04 July 2012 (Eastern Hemisphere)
Well, the wind didn\’t look all that bad to us this morning despite the forecast for gusts up to 30 knots. As we would be very inshore next to the \”continent\” vs. small narrow islands, we thought the winds would be lighter and indeed they were!
With two reefs in the main and the staysail, off we went straight downwind to Yabooma Island Estuary. THIS IS ABOUT AS REMOTE AS YOU CAN GET. The charts have vast areas which are \”inadequately surveyed\” or worse, \”unsurveyed\”. Sort of like sailing without a chart IF we went in the unsurveyed areas which WE DID NOT. The Aussies have done a great job charting perhaps the most difficult waterway area in the world. 2000 miles of reef, reef, reef! We had an uneventful sail and were even marginally underpowered with winds at only 16-20 knots. Interestingly, a bit erie!, the water turned a pea soup green when we were 10 miles from the island and it\’s convoluted waterway. After negotiating the entrance, my first plan had to be tossed out the window as the \”anchorage\” (side of the river) was open to the prevailing wind. It wasn\’t blowing hard, but we never like the shore behind us and it was a bit lumpy. So, we headed up river!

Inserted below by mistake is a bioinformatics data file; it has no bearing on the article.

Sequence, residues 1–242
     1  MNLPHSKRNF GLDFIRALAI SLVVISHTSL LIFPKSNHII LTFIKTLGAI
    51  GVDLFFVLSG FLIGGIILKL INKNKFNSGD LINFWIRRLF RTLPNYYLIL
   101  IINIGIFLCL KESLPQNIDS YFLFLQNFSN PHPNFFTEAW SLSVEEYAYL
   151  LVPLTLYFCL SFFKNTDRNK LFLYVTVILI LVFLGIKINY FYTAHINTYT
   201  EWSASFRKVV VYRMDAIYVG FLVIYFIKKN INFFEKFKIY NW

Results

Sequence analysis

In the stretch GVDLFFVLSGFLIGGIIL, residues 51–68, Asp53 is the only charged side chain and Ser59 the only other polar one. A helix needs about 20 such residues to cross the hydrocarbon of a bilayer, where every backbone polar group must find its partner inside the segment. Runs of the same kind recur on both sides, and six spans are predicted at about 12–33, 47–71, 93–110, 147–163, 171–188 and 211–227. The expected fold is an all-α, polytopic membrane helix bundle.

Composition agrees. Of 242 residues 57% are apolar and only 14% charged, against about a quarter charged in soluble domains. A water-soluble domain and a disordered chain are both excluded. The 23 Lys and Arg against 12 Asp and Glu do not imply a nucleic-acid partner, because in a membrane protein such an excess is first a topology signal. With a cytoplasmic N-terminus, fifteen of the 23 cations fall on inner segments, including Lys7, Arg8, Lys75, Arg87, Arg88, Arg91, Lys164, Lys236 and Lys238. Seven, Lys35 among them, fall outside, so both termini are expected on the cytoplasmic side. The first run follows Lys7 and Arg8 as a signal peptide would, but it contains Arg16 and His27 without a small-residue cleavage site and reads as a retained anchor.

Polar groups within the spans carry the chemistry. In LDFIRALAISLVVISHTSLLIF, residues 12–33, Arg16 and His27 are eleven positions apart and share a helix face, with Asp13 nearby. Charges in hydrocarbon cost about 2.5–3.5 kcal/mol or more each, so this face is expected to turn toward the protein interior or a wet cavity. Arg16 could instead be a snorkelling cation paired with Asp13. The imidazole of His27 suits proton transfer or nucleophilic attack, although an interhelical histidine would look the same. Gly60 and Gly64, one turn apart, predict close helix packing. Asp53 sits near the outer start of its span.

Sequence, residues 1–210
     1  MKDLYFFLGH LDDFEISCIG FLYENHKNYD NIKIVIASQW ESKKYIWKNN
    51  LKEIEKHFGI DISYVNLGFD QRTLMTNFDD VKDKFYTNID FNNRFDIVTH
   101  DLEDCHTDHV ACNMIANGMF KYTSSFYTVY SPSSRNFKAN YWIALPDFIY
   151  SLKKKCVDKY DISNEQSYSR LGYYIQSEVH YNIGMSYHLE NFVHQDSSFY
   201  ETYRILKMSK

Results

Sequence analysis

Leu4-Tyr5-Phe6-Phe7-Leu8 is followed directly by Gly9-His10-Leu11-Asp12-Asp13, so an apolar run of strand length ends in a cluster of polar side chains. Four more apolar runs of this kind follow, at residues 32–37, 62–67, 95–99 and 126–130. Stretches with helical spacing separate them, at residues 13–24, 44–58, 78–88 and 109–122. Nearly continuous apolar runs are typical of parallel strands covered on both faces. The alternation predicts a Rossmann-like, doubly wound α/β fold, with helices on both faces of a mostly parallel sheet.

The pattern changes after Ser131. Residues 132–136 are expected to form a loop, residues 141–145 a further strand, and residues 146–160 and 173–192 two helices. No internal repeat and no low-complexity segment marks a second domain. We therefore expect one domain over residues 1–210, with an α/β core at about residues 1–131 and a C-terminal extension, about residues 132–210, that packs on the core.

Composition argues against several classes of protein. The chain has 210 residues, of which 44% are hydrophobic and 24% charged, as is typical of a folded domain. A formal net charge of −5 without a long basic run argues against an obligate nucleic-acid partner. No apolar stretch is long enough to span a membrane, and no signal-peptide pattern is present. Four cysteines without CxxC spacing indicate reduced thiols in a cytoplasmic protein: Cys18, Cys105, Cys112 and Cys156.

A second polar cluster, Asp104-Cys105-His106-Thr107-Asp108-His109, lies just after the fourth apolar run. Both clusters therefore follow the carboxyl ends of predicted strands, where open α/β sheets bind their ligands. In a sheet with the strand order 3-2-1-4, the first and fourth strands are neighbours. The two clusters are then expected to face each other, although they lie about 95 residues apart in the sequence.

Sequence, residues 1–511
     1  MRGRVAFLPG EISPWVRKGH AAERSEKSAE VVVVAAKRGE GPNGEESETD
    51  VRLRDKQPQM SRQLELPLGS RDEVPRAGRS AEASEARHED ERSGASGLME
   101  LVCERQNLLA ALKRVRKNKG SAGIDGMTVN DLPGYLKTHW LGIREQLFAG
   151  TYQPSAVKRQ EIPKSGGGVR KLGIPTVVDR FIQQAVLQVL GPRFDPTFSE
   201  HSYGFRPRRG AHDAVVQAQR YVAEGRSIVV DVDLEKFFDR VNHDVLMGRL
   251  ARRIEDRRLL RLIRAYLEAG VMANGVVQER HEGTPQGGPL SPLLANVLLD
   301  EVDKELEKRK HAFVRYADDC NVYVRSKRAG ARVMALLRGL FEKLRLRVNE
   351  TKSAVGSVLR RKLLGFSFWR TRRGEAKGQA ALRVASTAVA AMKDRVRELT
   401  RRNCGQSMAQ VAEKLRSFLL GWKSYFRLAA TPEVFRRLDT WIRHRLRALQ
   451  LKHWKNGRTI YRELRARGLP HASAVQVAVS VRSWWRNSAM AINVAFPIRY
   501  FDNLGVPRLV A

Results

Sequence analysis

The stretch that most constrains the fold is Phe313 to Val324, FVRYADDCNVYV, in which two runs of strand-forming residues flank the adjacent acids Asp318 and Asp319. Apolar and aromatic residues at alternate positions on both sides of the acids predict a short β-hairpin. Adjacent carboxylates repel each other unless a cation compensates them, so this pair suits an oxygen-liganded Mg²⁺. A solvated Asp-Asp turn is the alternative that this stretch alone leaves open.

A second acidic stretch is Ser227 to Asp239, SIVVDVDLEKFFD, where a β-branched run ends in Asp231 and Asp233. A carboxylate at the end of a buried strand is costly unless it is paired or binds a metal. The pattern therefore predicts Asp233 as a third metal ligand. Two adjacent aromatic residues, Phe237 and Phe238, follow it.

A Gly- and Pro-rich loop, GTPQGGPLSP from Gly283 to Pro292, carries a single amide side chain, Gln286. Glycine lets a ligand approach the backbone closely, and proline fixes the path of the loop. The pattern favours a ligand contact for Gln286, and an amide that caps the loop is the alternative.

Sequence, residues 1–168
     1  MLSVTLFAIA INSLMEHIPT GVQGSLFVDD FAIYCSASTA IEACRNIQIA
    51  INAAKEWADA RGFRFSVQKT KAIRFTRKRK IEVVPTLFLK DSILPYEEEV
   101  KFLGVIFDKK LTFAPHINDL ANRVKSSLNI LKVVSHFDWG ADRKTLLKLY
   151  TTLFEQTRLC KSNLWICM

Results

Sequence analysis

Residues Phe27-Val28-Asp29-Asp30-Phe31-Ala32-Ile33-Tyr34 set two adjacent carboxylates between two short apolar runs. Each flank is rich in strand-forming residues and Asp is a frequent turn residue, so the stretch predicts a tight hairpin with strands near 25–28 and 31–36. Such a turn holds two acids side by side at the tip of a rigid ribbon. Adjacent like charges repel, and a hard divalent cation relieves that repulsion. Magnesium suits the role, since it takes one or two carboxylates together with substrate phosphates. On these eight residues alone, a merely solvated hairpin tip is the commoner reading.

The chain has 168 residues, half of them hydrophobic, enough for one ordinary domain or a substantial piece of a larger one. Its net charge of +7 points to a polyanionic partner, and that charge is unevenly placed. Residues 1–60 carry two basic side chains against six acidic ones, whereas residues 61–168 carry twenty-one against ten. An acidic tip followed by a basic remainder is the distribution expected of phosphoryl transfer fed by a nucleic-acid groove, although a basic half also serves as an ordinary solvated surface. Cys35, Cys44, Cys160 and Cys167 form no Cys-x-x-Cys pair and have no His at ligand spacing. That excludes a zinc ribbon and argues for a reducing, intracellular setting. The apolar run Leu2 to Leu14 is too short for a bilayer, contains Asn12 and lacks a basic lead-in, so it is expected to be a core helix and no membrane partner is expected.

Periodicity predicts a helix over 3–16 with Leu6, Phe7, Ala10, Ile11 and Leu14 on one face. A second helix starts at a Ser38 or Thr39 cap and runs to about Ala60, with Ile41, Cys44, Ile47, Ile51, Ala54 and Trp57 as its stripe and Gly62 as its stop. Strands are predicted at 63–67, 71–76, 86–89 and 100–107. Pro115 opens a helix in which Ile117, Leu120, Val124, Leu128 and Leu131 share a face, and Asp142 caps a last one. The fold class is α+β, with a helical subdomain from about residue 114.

Here\’s where the fun begins. We pass what was listed as an aboriginal community on the shore and see one shack! That\’s it! Nikki thought she might have seen some additional infrastructure behind the mangroves. I didn\’t. We did soon however find what we thought would be a nice 20 foot spot to anchor. Every time we were convinced we\’d found \”the spot\”, the water would suddenly be 70 feet deep! The current was running at a knot and a half against the wind, not uncomfortable, but it made the direction to set the anchor not as obvious.
We struggled this way for an hour and a half. The problem of course is TIDE. We had a 6 foot plus tide, but at 0233 tomorrow morning, we\’ll have a 0 foot tide. This means that wherever we anchor, we need to watch for the tide which will give us 6 feet less water in the middle of the night.
NEXT, as we were about to make our pass for \”the spot\”, I lost the starboard engine! It was overheating and I quickly diagnosed a broken impeller. We did get the anchor down on one engine (imagine that my monohull friends!) and a good thing as the river current was running at nearly 2 knots by now. After we finally got settled, I was able to quickly change the impeller and the engine is back in action, beautifully pumping water away. I have a special \”speed seal\” cover for it and it removes and replaces in about a minute.
Unbelievably, we have good internet here as the Aussie infrastructure makes sure that outlying communities have wireless phone and internet. Our phones don\’t work, but the internet does! In the time it\’s taken me to write this, the tide has risen 3 feet and will be 16 feet positive at 7:30 tonight. The excitement then is to watch our bottom and make sure we\’ve at least 3 feet below the depth sounder mounted at the bottom of the hull. I think we\’ll be in 5-6 feet of water at low tide. Currently, we\’re in 16 feet.
So with a full moon in the estuary, no sign of anyone, we hope to be off out of this jungle cruise tomorrow, heading for Junction Bay and getting closer to Darwin by the day.
KIT, more soon, Scott and Nikki